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Greece: Caught Between the Scylla of Austerity and the Charybdis of Credibility



The emergency loan package offered to Greece in March from the International Monetary Fund (IMF) and Greece's European partners was conceived as a "bridge" over troubled financial waters, buying time for the Athens government to carry out a severe fiscal correction. In order to receive this help, the Greek government has committed itself to reducing its deficit by 10 percent of GDP in three years. It is understandable that the urgency of the liquidity crisis has dictated that time frame. But three years to accomplish such a huge fiscal adjustment is an impossible request.

In a sense, three years is both too short and too long to do any good. First, the short timeframe will invite a vicious circle of negative growth and deflation. At the same time, three years is too long a period of time to be spent under the daily risk of a liquidity shortage characterized by a constant rollover of the public debt. The timeframe of the European help must be revised.

Greece is being asked to cut its public deficit from 12.7 percent to 2.9 percent in 2012. In simple mechanical terms, because of the very low saving rate of the private economy, such a fiscal correction would cause a fall in output of about one-fifth. But the loss of output would make it even more difficult to accomplish the tax adjustment necessary for balancing the public budget. A vicious circle is unavoidable. Greece could otherwise adjust the fiscal balance while borrowing abroad. But based on the current situation—even after the EU-IMF involvement—foreign investors still require a substantial risk premium on Greek debt. Once more, paying a 6 percent rate—as requested explicitly by the German government—with negative growth and zero inflation will make debts more unstable, not more stable.

The fearful rush to fix the Greek problem has not only produced a wrong prescription, it is also a symptom of the deficiency of analytical instruments in the hands of the euro partners, and of their reluctance to acknowledge a common responsibility. The euro partners should create a six-year path to restore fiscal solidity in Greece and assume control and responsibility for it. Spreading the adjustment over six years would make it tolerable and more consistent with the need to shift resources from consumption to investments and promote structural reforms. Increasing Greece's growth potential is the only way to avoid a further downward spiral.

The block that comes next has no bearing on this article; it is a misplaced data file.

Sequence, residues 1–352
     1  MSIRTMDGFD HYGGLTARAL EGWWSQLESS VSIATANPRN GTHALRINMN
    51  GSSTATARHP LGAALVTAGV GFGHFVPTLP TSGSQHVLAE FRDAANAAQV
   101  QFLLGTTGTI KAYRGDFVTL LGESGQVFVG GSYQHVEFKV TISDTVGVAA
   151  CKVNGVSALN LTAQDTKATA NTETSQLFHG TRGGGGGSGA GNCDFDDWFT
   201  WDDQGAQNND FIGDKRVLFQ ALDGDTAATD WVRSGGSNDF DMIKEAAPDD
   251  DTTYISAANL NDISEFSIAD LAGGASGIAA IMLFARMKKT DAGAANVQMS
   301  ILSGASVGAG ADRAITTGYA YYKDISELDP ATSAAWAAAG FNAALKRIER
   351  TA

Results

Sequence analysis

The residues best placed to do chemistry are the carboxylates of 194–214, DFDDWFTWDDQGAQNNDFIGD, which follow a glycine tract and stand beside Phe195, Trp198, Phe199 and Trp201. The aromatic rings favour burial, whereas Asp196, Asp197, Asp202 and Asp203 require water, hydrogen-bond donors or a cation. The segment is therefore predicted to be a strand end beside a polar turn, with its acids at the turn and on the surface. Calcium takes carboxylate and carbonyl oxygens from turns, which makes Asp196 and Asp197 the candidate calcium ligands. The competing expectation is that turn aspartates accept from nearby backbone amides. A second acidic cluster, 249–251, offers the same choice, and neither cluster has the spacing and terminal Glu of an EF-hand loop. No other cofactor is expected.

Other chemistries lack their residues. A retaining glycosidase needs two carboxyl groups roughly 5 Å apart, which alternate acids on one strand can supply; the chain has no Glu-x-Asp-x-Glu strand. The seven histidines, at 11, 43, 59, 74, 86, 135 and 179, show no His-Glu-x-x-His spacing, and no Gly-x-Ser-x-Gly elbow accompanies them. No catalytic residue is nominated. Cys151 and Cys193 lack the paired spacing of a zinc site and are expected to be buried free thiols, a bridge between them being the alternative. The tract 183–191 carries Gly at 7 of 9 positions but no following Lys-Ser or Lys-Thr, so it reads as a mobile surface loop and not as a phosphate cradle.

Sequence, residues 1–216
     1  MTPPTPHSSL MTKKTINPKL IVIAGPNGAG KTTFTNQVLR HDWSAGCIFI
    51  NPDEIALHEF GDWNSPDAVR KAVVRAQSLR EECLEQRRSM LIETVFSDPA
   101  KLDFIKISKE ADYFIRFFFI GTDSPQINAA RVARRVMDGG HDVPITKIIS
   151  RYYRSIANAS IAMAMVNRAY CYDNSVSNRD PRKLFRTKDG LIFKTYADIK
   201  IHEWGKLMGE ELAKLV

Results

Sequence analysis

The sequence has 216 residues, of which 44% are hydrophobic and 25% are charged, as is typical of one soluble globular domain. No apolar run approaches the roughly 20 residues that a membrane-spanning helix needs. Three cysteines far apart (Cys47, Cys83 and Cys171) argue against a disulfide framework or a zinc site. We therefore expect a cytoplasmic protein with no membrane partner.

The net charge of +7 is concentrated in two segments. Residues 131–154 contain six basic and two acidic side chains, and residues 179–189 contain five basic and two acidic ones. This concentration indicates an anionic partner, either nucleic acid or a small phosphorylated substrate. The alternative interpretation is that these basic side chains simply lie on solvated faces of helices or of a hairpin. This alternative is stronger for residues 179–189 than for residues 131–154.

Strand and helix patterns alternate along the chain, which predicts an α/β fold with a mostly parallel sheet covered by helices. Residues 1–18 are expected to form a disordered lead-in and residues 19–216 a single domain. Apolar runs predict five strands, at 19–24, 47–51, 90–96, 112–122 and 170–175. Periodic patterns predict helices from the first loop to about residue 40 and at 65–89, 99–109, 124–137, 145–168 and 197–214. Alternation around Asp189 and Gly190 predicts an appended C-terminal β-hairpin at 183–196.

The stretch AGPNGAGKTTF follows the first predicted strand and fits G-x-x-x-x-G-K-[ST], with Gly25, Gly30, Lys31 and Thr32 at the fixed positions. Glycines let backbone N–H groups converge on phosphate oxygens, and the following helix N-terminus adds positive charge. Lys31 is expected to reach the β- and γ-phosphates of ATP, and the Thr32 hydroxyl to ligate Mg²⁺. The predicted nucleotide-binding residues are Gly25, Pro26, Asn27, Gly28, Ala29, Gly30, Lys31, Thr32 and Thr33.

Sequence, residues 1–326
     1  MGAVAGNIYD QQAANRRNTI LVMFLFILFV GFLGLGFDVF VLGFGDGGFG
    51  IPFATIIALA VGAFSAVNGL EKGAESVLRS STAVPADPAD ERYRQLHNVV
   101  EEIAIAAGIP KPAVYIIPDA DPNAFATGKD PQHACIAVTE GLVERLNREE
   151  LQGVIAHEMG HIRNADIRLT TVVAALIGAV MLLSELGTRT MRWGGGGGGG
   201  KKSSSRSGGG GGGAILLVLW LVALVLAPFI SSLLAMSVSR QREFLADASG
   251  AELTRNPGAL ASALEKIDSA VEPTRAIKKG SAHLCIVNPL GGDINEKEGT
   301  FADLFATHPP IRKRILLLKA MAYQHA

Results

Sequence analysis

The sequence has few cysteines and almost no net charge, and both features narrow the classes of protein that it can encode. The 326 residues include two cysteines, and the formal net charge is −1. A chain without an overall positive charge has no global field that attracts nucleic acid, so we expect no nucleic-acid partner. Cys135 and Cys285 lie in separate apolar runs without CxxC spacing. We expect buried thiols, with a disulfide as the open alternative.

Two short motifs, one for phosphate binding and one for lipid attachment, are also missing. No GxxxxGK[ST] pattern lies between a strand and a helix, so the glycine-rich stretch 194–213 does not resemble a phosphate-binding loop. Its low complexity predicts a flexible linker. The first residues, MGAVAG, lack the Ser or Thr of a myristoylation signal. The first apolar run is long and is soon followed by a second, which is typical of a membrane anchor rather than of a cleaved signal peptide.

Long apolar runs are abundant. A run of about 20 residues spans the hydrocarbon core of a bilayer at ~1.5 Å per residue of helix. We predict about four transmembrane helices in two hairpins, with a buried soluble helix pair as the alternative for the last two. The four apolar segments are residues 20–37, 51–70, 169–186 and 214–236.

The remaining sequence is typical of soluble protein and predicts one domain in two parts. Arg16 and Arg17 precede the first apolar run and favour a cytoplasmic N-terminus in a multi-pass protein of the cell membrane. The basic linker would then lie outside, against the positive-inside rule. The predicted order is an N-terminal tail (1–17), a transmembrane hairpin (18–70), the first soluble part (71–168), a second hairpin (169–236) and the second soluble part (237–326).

A longer period allowing Greece to accomplish its fiscal adjustment has a relevant political implication regarding the credibility of the commitment. A six-year period—longer than any legislature—would make the current Greek government unaccountable for the long-term outcome of its policies. After six years the brunt of a failure of the program endorsed today would fall on a different government. This weakens the credibility of today's obligations. But this credibility is absolutely crucial to the success of the rescue.

The only way to preserve the credibility of the program is to tie the hands of national political actors, dissolving their discretionary leeway into a European—or even better, a euro area—political commitment. The euro area governments have to mold, endorse, and control the economic policy of Greece over the next six years. In other words, Europe has to assume the political responsibility for what Greece must carry out.

The twin goals should be to make Greece's fiscal correction tolerable for its economy and still credible in terms of its non-Greek tutoring. The Greek situation is so precarious and dire that IMF involvement is not sufficient to supply the quantity of financial help that Greece needs or the political credibility that must accompany a long-term commitment. The latest high-risk premium on Greek bonds shows that the markets are alerted. The fall in bond prices after the recent auctions suggests that some investors may have responded to political suasion in subscribing to the bonds at first—but then decided to sell them soon afterward. The short term challenge of a smooth financing of Greek public debt requires a long-term political credibility that cannot come from Greece alone.

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